Site Visit Account: Passion for Education – Visiting Bunyad-e-Fatima Primary School in Natt Kalan Village
By Maheen Qureshi
During June 2013, Maheen Qureshi and Mohammad Jahanzaib conducted the site-visit for the ADP funded education project: construction of the Bunyad-e-Fatima Secondary school in Natt Kalan village. Here’s an account of their experience.
ADP is actively looking for funds for this project.
With the sun heavily beating down and acres of barren land in the midst, I knew it would be a difficult trip as we went barreling down the kuchi road. Gazing at the derelict school building in front of me, my spirits sank a little lower. With paint peeling off the walls and the damaged windows, it seemed like a neglected place, which the villagers had little or no interest in. Little did I know that the sight that awaited me inside would change my outlook completely.
Despite the grueling summer heat and lack of water available in the school, summer classes were in full swing. Bright and adorable faces scrubbed clean were filled to the brim in the small classes eagerly awaiting our arrival. Their love for studying and the teachers’ dedication in teaching was a truly inspiring phenomenon to see, so unlike the majority of low-cost schools in the nation. However, despite the commitment, the school faced some serious challenges. The lack of electricity in the school made it extremely difficult to sit in the school and darkness at the back of the classes made it impossible to study. Another alarming situation in the school was the seepage in the walls and the constant dripping water from the ceiling that needed immediate attention.
As a volunteer with Association of Development of Pakistan (ADP), I was assigned the task of evaluating the Bunyad-e-Fatima School to assess whether the need for constructing a secondary school would be beneficial in the long-run. The school had ample land but required the funding to build a bigger school that would serve as the only secondary and higher educational facility in the nearby vicinity for girls. The funding was to also support the maintenance and repair of the existing building while providing electricity, clean drinking water and washrooms.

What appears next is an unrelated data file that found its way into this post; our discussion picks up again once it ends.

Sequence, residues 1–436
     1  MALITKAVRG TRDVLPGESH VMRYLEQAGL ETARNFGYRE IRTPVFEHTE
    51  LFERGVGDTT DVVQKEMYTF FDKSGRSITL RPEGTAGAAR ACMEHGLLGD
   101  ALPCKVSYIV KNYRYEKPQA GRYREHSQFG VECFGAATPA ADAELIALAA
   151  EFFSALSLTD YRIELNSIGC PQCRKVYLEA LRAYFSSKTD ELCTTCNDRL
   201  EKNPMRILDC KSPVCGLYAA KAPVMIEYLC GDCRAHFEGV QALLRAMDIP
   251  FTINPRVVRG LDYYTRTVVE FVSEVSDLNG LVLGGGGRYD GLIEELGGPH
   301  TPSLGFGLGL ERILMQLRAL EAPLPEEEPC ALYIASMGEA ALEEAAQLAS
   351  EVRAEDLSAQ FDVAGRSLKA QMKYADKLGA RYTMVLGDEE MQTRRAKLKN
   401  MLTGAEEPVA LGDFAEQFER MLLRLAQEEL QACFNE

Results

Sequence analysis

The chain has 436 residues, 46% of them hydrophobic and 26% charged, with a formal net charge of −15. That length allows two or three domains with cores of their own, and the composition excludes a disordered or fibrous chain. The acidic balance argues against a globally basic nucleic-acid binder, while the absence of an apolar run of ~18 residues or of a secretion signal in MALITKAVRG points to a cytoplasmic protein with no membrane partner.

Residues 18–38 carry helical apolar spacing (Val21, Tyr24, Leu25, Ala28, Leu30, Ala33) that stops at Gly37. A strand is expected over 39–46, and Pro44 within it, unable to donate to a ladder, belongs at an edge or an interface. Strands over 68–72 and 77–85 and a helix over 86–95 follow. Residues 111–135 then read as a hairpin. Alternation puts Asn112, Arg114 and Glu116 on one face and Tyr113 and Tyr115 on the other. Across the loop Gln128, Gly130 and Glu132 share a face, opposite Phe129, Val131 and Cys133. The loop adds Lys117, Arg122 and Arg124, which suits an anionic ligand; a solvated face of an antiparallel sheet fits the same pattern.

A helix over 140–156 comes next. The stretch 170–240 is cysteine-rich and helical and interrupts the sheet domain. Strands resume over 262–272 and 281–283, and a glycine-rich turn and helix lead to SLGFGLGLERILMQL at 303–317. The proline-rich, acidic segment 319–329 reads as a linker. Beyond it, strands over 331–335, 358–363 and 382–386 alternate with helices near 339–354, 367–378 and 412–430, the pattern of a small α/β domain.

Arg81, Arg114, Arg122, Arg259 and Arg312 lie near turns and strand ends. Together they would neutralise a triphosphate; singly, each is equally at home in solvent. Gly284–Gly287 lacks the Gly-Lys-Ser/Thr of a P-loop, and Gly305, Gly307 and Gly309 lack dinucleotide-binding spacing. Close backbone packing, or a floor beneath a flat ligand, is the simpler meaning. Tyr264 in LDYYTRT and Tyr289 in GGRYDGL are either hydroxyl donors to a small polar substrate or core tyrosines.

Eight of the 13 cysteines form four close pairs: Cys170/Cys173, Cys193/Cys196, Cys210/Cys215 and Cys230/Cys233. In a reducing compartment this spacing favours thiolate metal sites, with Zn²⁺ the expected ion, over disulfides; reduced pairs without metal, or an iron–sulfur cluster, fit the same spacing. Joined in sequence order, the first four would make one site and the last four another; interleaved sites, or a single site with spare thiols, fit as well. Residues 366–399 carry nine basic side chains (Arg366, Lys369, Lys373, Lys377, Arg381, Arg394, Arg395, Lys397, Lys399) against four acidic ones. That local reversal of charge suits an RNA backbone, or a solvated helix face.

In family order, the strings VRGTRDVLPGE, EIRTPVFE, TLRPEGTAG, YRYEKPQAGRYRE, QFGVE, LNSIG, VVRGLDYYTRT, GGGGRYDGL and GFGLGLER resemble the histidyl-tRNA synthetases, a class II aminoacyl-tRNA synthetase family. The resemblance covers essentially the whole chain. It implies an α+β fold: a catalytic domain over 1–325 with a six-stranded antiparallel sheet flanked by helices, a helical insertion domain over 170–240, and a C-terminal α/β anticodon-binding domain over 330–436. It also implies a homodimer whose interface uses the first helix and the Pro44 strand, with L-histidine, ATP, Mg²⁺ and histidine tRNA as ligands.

As I moved forward to conduct the site visit, I was pleasantly surprised with the responses I received during teacher interviews. Bunyad’s team had deeply inculcated innovative pedagogy styles that were being practiced inside the classrooms. To accelerate understanding and develop critical thinking, teachers used small objects, tools, songs and activities. Amazingly, rote-learning was minimal and small projects and application-based learning was practiced to open minds and create thinkers and doers. Learning competencies of students assessed through simple tests also highlighted good learning levels and a firm grasp over the subjects taught. The reverence and love students had for their teachers was a touching sight. This wonderful relationship was depicted in the desire expressed by 90 percent of the students to go into the teaching profession.
Upon interviewing the elders and parents of the students, I realized that the decision-making in the school was inextricably linked to the community. Being a close-knit village, all residents shared a keen interest in learning and took care of the school in every chance they could get. The majority of them were well-settled in the locality and had no intentions of moving to other parts of Lahore.
Interviewing some of the parents showed me how involved and committed they were in sending their children to school and ensuring that their children learnt how to read and write. Many mothers shared their happiness with the school’s management and the positive changes that the Bunyad-e-Fatimah School had brought in their lives. They stated that one of the primary reasons for them sending their children to the school was the continuous education their children could get and the dedication of the teachers. Although two primary government schools located nearby provided free education, their lack of teachers and poor quality education acted as a major hindrance in parents sending their children there. I was pleased to see that preference was given to quality even if a certain amount had to be paid in the shape fees.
Through my interaction with the villagers, I learnt the instrumental role of the school in eradicating illiteracy. Along with providing education to youth, there were evening classes being held for illiterate adults to teach them about basic numeracy, English and Urdu, which would help in creating sustainable livelihoods. It was heartening to see the passion the villagers had in making the Bunyad-e-Fatima School a center for learning that would educate all their future generations.
With ADP funding on the way their dream is about to be realized finally.